About 10 years ago, I was helping friends downsize; they were moving out of a house filled with decades of memories and my job was to fill my car with stuff to be donated and cart it over to the St. James’ Thrift Shop. In the course of emptying closets and sorting, the man of the house came over to me and held up his dog-tags. I knew he had served in World War II, as a Marine, and had seen combat on Guadalcanal in the South Pacific.
“Do you know why these are taped together?” he said.
“So they wouldn’t make noise,” I replied.
“That’s right,” he said. And he told me he’d been a Forward Artillery Observer. From my reading (but certainly not from my own experience), I knew this was a formal title for someone who crawled as close to enemy lines as possible, watched when the artillery opened up, and then radioed back directions and yardage to the artillery men to help them zero in on the target.
“You had to get pretty close to their lines,” I said.
“Oh, I could hear them talking.”
“That must have been pretty scary.”
“Yes, it was.” He paused, and then his eyes kind of lit up, and he added, “but when those rounds came in, it was pretty darned exciting.”
The handwriting is that of Clara Specht. She lived in Hazelhurst, today’s Athenaeum, when its backyard went all the way to the lake. And she loved to send postcards.
“A day or two since, feeling that a short trip to the rural districts would be about as invigorating a remedy as we could imagine for the oppressive heat of a very warm June sun, we concluded to take a trip to Skaneateles. Accordingly we embarked on one of those fine cars for which the New York Central Railroad is so famous, and after a short, but most agreeable ride, found ourselves at the Junction. Disembarking here, we took passage on a vehicle propelled by two equines, which might, by the large stretch of imagination be termed a stage, by which we soon arrived at the renowned precincts of Mottville.
“Thence continuing our peregrinations about three quarters of a mile on foot, we arrived at the new, but extensive paper manufactory of Messrs. Earl, Thayer & Co.* We arrived just in time to see the first sheet run through, in which we considered ourselves as peculiarly fortunate. The manufactory is in a most excellent location, and bids fair to one of the best in the State. It has four engines of the largest kind, and is fully capable of turning out 8,000 pounds a day. The mill is supplied with every modern convenience, and the machinery is of the newest and most approved pattern.
“The water used in the manufacture is taken directly from the beautiful Skaneateles Lake, and as the supply is unfailing, the mill can be run through the entire year without the usual hindrances of ice or scarcity of water. The foreman of the mill, Mr. H. Brady, is a gentleman in every sense of the word, and one who has had large experience in the manufacture of all kinds of paper. Consumers can rest assured that in every instance the paper received will correspond with the sample ordered, and, what is equally important, will be correct in weight and size, which is important to all purchasers.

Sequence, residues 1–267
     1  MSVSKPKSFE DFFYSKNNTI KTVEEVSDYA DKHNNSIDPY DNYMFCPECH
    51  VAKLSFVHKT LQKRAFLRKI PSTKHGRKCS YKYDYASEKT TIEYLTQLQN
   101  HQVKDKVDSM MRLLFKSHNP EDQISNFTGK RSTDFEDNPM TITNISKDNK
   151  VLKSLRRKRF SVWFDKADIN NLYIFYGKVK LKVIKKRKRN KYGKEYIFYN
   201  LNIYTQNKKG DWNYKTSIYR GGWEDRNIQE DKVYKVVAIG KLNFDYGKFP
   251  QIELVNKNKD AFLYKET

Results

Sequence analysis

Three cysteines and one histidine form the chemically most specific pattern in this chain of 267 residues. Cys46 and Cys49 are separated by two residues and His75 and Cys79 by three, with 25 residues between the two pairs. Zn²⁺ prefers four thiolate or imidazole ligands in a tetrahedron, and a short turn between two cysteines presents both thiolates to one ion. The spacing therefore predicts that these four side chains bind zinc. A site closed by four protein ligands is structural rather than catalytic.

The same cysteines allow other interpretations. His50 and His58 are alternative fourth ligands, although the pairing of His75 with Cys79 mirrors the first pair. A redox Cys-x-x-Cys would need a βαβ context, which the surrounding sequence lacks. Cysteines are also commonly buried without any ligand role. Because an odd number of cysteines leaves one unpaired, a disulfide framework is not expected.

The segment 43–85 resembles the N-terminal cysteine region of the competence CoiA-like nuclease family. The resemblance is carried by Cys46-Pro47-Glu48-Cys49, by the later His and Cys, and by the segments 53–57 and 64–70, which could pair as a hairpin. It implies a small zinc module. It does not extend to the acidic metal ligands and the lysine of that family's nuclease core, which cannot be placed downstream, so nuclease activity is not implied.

“After viewing to our satisfaction the machinery of the mill, we proceeded upon invitation of Mr. Earle. one of the proprietors, to indulge in a ride through the village, and, we must say, in all candor, that a more agreeable time we never experienced. We had heard much of the beauties of Skaneateles, but our visit convinces us that they are far underrated.
“Skaneateles, before the breaking out of the rebellion, was a favorite resort for a large number of Southerners during the warm season, but, notwithstanding the absence of these generous-hearted people, the houses still continue to do a thriving business. After a most pleasant and agreeable ride through the precincts of the lovely village, and its pleasant surroundings, we were kindly invited to partake of the generous hospitalities of Mr. Earle.
“We took up our line of march for the City of Salt, most firmly convinced that for natural beauty and scenery, and above all the sociability and genuine good friendship of its inhabitants, the lovely village of Skaneateles will ever hold its own. The pleasant time we experienced on the occasion of our first visit to Skaneateles will not soon be forgotten.”
— Courier and Union (Syracuse), June 10, 1865
* * *
* Earlls, Thayer & Co. converted the Earll & Kellogg distillery, situated on the outlet between Mottville and Willow Glen, into a paper mill in 1864. The Earlls had been distilling since 1802 and were numerous; it was Leonard and Augustus P. Earll who were involved in this particular paper mill. Joel Thayer was the third partner, with three other junior partners.
In his Skaneateles: History of its Earliest Settlement and Reminiscences of Later Times (1902), Edmund Norman Leslie noted, “This was an old distillery transformed, and they have now running four engines and a machine, making 3,000 pounds of printing-paper a day, consuming 6,000 pounds of rags. They employ about forty hands, male and female, and pay about twelve hundred dollars a month.”
In 1875, the mill later became Earlls, Palmer & Co., and in 1878, the Skaneateles Paper Co. The site today, bringing things full circle, is the home of the Last Shot Distillery.
“A tribe of Gipsies passed through our village, Christmas, from the east, and passed up the west side of the lake. The company consisted of sixteen individuals, four apologies for horses, and two dogs. A more squalid set of individuals one hardly ever sees.”
— From the Skaneateles Democrat, reprinted in the Auburn Weekly Union, December 1860
Love the photographer’s bicycle in the center of the photo.
A lovely watercolor by Christy Lemp.